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Burglars Target Exclusive Part of Laguna Hills

Crime: Thieves hit nine homes in 15 months, netting property worth $200,000. Break-ins are becoming more frequent.


A mini crime wave has hit the exclusive Laguna Hills community of Nellie Gail, where some $200,000 in valuables has been stolen in nine burglaries during the last 15 months.

While the techniques have varied--one burglar slid through a bathroom window, another squeezed through a dog door--the frequency of crimes has increased in recent months. Seven of the burglaries occurred in February and March.

"When a home is burglarized, homeowners feel like they've been violated," said C.J. Klug, general manager of the Nellie Gail Ranch Owners Assn. at the posh community, where the residences range from $450,000 to more than $1 million.

Authorities say the offenders take a decidedly low-tech approach, breaking into homes mostly during midday after knocking on doors to make sure nobody's there.

"There's not a great degree of sophistication," said Orange County Sheriff's Sgt. Christine Murray. Investigators believe the Nellie Gail heists are related to similar home burglaries in north San Diego County, although San Diego County sheriff's officials say they know of no such crime ring in their area.

Orange County officials also say they do not think the crimes are being committed by the same two-person team that pulled 31 break-ins beginning in late 1997 in Newport Beach, taking nearly $1 million in valuables, much of it high-quality jewelry.

"We have not connected this with any other string of burglaries in Orange County," Murray said.

Investigators say the perpetrators took advantage of easy access from the San Diego Freeway to reach their target. The first Nellie Gail burglary happened in January 1998, followed by another last December and the seven others in the last two months. The most recent happened March 20.

Six of the houses are within Nellie Gail and three others just outside, between La Paz Road and Alicia Parkway, off Paseo de Valencia.

No one has been able to describe the burglars, and, if sheriff's investigators have clues, they're not talking about them except to disclose that "the only vehicle that's been associated is an older model white van," Murray said.

"The common denominator is the suspect or suspects entered the neighborhood, knocking door-to-door until they found residences unoccupied," she said.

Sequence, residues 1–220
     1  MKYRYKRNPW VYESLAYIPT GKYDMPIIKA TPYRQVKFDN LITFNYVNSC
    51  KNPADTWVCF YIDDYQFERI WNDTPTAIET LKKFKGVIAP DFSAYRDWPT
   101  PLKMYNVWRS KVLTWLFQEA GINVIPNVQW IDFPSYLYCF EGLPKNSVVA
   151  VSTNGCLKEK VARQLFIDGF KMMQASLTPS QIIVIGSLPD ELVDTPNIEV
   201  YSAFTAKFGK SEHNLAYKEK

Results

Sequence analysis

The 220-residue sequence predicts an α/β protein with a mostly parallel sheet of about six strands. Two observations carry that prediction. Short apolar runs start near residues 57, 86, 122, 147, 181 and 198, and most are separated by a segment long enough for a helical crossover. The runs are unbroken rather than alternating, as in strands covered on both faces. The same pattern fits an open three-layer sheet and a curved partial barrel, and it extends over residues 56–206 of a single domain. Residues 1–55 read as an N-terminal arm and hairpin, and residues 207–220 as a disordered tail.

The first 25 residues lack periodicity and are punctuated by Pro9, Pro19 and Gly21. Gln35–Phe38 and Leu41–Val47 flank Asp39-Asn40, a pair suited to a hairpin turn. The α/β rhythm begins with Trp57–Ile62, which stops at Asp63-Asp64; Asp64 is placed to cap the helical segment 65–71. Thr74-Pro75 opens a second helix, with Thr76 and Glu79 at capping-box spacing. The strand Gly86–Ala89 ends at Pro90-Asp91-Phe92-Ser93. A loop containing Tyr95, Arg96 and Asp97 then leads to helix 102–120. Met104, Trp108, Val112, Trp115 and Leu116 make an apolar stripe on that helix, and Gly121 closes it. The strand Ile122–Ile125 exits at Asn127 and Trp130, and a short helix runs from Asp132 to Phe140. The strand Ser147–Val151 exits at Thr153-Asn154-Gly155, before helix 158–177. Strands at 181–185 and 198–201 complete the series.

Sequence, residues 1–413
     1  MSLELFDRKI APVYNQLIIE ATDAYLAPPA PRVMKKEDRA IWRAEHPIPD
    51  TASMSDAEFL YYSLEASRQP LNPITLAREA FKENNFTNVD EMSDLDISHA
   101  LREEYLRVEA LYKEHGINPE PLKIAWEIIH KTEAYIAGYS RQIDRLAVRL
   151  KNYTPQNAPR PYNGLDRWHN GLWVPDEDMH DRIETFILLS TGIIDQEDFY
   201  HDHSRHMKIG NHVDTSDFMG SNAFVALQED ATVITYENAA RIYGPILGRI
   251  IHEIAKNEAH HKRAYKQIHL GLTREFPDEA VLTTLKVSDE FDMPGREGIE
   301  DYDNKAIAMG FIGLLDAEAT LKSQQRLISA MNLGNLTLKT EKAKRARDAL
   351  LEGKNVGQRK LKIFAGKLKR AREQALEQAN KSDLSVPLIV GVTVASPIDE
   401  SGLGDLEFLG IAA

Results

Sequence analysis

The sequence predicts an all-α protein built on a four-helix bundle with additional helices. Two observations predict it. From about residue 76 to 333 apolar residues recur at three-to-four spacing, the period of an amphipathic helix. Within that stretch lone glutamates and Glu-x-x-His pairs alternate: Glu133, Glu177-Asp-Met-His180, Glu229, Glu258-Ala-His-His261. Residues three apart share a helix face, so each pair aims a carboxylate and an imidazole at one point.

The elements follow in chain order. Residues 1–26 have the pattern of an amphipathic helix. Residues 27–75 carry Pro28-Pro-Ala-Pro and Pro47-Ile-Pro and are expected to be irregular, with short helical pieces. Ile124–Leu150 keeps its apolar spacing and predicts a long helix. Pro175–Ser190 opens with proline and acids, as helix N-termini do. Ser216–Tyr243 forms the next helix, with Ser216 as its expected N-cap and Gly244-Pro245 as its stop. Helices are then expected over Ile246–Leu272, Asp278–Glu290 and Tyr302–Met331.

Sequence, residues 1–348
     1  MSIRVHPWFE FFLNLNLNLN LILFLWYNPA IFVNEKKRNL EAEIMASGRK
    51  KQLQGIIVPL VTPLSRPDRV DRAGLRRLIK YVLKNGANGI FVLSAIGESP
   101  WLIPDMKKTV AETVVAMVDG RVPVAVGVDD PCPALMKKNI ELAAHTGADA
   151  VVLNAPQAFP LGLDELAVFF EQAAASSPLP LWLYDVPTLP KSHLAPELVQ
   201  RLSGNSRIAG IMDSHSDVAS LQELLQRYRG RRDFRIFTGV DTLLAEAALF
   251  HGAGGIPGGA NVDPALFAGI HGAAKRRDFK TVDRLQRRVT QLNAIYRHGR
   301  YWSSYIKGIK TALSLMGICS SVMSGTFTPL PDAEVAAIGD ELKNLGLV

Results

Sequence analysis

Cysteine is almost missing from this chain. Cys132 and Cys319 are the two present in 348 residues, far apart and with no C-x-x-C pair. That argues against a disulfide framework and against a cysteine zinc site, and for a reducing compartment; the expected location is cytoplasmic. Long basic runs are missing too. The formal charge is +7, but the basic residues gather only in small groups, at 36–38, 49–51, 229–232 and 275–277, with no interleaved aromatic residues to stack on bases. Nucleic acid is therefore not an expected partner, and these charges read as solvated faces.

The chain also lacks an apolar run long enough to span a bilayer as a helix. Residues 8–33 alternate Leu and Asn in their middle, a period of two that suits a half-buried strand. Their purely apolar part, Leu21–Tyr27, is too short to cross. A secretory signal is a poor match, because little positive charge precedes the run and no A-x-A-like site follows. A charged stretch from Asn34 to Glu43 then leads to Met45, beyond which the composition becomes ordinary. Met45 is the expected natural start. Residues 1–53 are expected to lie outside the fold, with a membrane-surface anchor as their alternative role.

Even homeowners with security systems sometimes leave openings for burglars. "One of them went through a large dog door," Murray said. Another time, the entry point was "an upstairs bathroom window."

Despite that fairly creative access, "these are not signature-type burglaries," she said.

Murray said the community is well-patrolled and that additional units aren't being deployed, although "sheriff's investigators have been in the neighborhood in unmarked cars" in the course of their probe.

She said, "We're actively pursuing leads" but declined to elaborate.

The recent burglaries haven't created widespread worry in Nellie Gail.

"It's not a major crime trend," Murray said. "We don't want to create panic.

"There has been no instance of the homeowner being confronted within the house by the burglar."

If a random survey is any indication, the community is not trembling. Of 18 residents contacted by The Times, none was aware of the burglaries.

Klug of the homeowners group said he knew of only four burglaries. "We are not a gated community, so we're not aware of everything that's going on," he said. "We push very hard for neighborhood watch," but often neighbors don't observe what's happening.


In Nellie Gail, where the 1,344 homes include some that look like castles, parents stroll along the community's public streets with their children in tow. Skateboarders sprint up and over small ramps, horses gallop along trails, and contractors update the pricey 10-year-old custom-built brick homes.

There is little trouble in the neighborhood other than a few coyote attacks on cats, residents said.

Kathy Weisser said she would know if any burglaries occurred in her vicinity, via her close neighbors or the Pony Express, the association newsletter.

"There was a break-in down the street a few years ago," Weisser recalled.

"But I haven't heard about anything recently."

Meanwhile, Newport Beach police are continuing their investigation into the rash of unsolved residential burglaries there, but they say there's no similarity to the heists in Nellie Gail.

"There's not a connection we are aware of," said Newport Beach Lt. Doug Fletcher.

Unlike Nellie Gail's daylight break-ins, Newport's burglars hit at night, specialized in second-story entry to avoid downstairs security systems and mainly went after only expensive jewelry.

Times correspondent Sean Kirwan contributed to this report.

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